Date November 16, 2018
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Demedicalization of mental illness often leaves homeless in the lurch

As part of a New England Journal of Medicine case study series, two doctors present a case study involving a homeless man with schizophrenia and discuss the implications of “demedicalization” of mental illness.

PROVIDENCE, R.I. [Brown University] —  An article published this week in the New England Journal of Medicine discusses the case of a homeless California man who was a frequent visitor to a local emergency room. Six times over the course of a few months the man, who had been previously diagnosed with schizophrenia, presented with auditory hallucinations and suicidal thoughts after losing his medication. Each time, he was released back to the streets without extended psychiatric care.

The article, by Drs. Joel Braslow and Luke Messac, argues that this case and countless others like it happen because many of the consequences of mental illness — including homelessness — have been “demedicalized,” or seen as falling outside the scope of medical care. All too often, as in the case of the California man, the criminal justice system ends up filling the void left by demedicalization, the authors say. The man they described was later jailed on a felony charge.

The article is part of a new series in NEJM called “Case Studies in Social Medicine,” which aims to bring social science perspectives into the medical field. Braslow is a professor of neuroscience history at the University of California, Los Angeles. Messac is a resident in the Department of Emergency Medicine at Brown University’s Warren Alpert Medical School. Messac discussed the article in an interview.

Q: What percentage of homeless individuals have serious mental illnesses and how has the way they’re treated in the medical community changed?

Serious mental illness is a huge risk factor for homelessness. Nationwide, it is estimated that 25 percent of the homeless population suffers from a severe mental illness.

There was a push to close down inpatient psychiatric institutions during the late 20th century, but instead of replacing these institutions with supportive housing and community services, former patients were too often put out onto the street and, soon thereafter, into our jails and prisons. We “demedicalized” the social consequences of mental illness — that is, we came to see the rampant homelessness and incarceration of the mentally ill as outside the purview of medical responsibility.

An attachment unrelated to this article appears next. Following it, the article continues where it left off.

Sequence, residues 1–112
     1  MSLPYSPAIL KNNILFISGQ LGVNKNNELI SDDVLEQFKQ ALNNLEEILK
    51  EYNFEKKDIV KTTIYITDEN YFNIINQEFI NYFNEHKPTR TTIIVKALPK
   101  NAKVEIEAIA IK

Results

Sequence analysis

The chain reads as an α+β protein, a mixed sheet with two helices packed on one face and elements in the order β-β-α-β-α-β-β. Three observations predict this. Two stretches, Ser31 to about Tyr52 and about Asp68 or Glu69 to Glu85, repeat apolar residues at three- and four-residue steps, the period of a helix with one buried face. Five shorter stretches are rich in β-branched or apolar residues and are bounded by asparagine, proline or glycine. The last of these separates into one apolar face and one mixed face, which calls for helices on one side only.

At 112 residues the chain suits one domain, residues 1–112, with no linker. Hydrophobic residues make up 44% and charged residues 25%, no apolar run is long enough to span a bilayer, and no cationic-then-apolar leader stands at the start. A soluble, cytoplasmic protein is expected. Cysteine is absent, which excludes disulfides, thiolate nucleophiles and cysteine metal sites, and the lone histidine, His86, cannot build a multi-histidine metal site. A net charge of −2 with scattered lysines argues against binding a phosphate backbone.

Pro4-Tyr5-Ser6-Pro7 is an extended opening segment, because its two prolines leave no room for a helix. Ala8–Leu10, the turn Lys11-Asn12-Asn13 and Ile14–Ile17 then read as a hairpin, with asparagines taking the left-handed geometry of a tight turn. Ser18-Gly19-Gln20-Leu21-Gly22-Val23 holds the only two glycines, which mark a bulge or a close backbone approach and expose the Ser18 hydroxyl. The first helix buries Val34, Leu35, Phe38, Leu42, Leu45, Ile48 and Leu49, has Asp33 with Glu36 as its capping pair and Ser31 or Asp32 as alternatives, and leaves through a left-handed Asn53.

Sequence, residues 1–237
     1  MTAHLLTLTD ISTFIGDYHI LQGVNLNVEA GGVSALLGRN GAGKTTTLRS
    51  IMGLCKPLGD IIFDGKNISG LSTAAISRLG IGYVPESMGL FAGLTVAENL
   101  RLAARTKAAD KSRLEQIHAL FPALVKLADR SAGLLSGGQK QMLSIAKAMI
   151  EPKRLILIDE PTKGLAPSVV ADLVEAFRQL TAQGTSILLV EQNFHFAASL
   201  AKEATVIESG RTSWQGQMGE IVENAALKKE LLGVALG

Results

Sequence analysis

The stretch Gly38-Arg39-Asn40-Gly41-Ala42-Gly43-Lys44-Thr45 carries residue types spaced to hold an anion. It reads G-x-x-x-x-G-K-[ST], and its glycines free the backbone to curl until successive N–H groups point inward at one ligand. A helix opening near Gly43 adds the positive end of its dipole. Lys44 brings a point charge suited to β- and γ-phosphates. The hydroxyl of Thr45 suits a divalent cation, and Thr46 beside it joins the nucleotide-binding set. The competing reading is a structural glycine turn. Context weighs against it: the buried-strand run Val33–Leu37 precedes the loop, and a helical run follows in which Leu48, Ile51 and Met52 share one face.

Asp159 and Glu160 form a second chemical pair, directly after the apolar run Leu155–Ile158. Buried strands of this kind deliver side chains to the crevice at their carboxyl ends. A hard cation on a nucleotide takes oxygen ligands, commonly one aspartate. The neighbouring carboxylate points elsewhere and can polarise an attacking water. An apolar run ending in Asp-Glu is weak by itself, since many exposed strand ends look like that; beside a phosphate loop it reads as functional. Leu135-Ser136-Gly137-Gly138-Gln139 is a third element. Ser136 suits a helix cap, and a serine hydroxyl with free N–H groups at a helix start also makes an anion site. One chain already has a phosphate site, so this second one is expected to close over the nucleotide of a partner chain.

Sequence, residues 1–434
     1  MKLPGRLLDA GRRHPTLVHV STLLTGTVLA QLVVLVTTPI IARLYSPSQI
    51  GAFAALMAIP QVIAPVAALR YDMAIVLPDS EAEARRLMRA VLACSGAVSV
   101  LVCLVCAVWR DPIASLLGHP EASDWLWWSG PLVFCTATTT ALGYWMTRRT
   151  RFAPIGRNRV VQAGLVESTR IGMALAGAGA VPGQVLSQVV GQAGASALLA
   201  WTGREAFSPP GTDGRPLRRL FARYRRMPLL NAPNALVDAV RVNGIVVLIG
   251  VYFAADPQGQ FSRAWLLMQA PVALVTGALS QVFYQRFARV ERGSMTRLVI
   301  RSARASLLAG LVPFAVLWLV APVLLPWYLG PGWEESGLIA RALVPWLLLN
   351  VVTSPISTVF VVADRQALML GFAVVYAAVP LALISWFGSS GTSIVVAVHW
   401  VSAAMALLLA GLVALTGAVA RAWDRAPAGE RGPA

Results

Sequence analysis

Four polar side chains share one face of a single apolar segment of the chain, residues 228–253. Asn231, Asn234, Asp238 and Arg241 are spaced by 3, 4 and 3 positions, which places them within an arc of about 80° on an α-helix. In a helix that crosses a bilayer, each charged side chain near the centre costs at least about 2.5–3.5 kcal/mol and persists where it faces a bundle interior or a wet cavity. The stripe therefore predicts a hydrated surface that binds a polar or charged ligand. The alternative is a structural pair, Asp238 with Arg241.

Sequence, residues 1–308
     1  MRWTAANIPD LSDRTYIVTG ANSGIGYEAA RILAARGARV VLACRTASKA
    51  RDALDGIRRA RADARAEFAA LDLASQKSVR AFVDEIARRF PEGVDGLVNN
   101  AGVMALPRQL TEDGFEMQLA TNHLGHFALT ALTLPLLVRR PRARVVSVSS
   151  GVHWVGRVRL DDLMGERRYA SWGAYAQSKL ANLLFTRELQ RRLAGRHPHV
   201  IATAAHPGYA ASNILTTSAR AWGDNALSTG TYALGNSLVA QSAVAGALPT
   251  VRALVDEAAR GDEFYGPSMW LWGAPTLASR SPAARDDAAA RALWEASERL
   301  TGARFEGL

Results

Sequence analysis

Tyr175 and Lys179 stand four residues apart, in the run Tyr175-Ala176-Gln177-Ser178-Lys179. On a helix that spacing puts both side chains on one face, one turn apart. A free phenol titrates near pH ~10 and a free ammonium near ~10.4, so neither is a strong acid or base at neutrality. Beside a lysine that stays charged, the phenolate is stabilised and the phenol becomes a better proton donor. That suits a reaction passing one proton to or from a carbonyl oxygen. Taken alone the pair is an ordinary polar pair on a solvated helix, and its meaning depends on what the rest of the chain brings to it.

Q: What are the main takeaways from your perspective piece?

While the medical system cannot answer all social ills, physicians and other medical professionals have a crucial role in making sure their patients are not exploited or abandoned. Budget cuts to social services like housing and the criminalization of the mentally ill can be just as fatal as any infection. Doctors can work to alleviate this suffering, even if it takes place beyond the hospital walls.

Q: What should emergency department physicians faced with scenarios exactly like the one in your case study do?

This is a tough one — emergency physicians, like other health professionals, are already faced with immense responsibilities and pressing time constraints. We should learn about any resources available to homeless and/or mentally ill patients in our communities and try to connect patients to services that might help.

No one finds it humane to usher a patient out of the ED and onto the street; I have spoken with many colleagues who find this practice morally intolerable. For our patients, and for ourselves, we need better solutions. So we should join ongoing efforts in the medical and public policy communities to ensure that our most vulnerable patients have the food, shelter and support they need to live healthy, productive lives.

Q: What do you most want to convey to the broader community about demedicalization of mental illness?

Demedicalization can sometimes be a beneficial process. It helped bring an end to the days when homosexuality was considered a mental disorder, or when, during the Civil Rights era, many black people had their dissatisfaction with segregation diagnosed as a mental pathology. The medical community should not contribute to injustice by making a disease of diversity or dissent.

But demedicalization can also be harmful, and the abdication of responsibility for the social consequences of mental illness is one of the prime examples. We can’t keep seeking solutions only in pills or therapy; real care for the mentally ill requires much more of all of us than pitiful glances at panhandlers. We need policies and programs that allow people with serious mental illness to live dignified lives.

Q: If you could tell policymakers one thing about the demedicalization and criminalization of mental illness, what would it be?

As physicians, we see the toll taken on our patients by the demedicalization and criminalization of mental illness. We do our best to treat mental illness in emergency rooms and clinics, but addressing this crisis in a serious way will demand both material and moral support. Instead of spending public resources on prisons beds, we can spend them on supportive housing. Instead of discharging vulnerable patients to the street, we can help them find their way in the world with community health workers and intensive case management. We want to do better, and we need help to do it.